Falling during pregnancy can be worrying. But the amniotic sac encloses your baby to protect from a certain amount of impact. Therefore, minor falls during pregnancy might have few repercussions. An injury should be severe enough to hurt the mother before it directly harms the baby.
MomJunction explains the reasons for falling during pregnancy and when the situation could be dangerous for your baby.
What Are The Reasons For Falling During Pregnancy?
While falls are avoidable during pregnancy, there are certain factors during pregnancy that may make you lose the balance.
1. Alteration in the center of gravity:
The growing bump makes it difficult to balance your body as the center of gravity of your body is shifting. Therefore, there may be chances of a fall (1), especially on uneven surfaces.
2. Pregnancy hormone relaxin:
Relaxin hormone, which helps relax the joints and ligaments, may also affect your movement, gait, and walk. This hormone eventually enables the tissues of the pelvis and cervix to stretch during labor, thus making it easier for you to push the baby (2). These loose joints might make your feet unstable, making you vulnerable to fall.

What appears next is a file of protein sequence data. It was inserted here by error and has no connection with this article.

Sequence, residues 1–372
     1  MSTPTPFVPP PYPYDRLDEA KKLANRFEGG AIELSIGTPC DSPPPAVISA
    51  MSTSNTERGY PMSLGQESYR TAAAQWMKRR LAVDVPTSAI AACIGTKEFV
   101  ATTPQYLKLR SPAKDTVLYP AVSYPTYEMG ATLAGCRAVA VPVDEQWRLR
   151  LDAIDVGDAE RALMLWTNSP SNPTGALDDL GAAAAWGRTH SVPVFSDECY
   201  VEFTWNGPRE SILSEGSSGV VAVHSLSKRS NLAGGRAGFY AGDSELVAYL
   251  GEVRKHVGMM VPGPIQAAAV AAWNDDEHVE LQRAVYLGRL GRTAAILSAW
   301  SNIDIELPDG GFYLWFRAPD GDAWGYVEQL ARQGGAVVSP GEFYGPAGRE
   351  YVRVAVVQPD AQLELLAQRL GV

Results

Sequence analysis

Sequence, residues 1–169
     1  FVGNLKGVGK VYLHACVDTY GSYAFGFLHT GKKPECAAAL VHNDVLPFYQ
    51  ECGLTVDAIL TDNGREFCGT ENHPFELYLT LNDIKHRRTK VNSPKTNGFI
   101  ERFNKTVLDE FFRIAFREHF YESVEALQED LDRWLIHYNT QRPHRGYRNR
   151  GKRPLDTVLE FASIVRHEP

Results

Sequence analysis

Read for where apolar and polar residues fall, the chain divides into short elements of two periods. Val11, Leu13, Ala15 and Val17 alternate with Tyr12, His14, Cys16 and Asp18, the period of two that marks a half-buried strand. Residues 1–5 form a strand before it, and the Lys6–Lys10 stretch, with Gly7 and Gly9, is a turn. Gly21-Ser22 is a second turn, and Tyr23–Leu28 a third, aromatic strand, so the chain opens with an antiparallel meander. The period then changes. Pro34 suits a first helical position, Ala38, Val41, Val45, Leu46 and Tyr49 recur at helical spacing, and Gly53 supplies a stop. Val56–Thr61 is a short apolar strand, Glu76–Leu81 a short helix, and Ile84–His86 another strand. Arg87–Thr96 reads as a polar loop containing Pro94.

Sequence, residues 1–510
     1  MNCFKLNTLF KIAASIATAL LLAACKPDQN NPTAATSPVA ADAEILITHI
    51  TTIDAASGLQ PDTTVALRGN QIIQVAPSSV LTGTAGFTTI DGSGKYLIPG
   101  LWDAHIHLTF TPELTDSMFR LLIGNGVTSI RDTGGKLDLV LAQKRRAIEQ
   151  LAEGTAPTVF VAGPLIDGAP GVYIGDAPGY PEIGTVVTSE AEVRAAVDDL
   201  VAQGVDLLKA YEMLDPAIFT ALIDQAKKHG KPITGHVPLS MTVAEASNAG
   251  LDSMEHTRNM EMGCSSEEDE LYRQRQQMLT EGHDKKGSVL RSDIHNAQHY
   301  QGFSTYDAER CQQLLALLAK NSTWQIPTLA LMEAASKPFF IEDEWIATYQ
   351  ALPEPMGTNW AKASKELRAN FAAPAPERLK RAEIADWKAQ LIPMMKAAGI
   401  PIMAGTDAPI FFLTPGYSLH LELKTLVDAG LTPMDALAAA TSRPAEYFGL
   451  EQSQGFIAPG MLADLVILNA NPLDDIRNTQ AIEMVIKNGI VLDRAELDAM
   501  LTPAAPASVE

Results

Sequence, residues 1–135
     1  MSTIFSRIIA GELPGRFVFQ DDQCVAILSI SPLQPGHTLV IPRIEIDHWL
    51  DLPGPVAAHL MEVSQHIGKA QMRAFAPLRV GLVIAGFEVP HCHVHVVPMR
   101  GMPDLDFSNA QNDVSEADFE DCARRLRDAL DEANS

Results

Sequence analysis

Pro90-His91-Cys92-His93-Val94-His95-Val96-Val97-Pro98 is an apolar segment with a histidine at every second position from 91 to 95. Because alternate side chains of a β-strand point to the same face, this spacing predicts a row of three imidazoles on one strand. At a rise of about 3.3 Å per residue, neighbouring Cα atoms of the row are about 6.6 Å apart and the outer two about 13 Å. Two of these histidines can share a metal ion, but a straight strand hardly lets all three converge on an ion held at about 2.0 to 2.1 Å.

[ Read: Risks Of Blood Pressure During Pregnancy ]
3. Low blood sugar and blood pressure:
These conditions, which are usually common during pregnancy, may also make women feel dizzy and lose balance while walking.
- The swelling of feet might make your steps clumsy and feet a little numb. As a result, you may not feel the steps as clearly as you did before pregnancy and are prone to falling.
- Pregnancy could make you uncomfortable, exhausted, and overwhelmed, all of which may put you at the risk of a fall.
Can A Fall During Pregnancy Harm Your Baby?
As long as you are not severely hurt during a fall, it is unlikely for your baby to experience an injury. It is because your fetus is well protected by:
- The amniotic sac and its fluid, which gives a cushioning effect inside (3)
- Thick and muscular uterus
- Abdominal muscles and fats
- Pelvic bone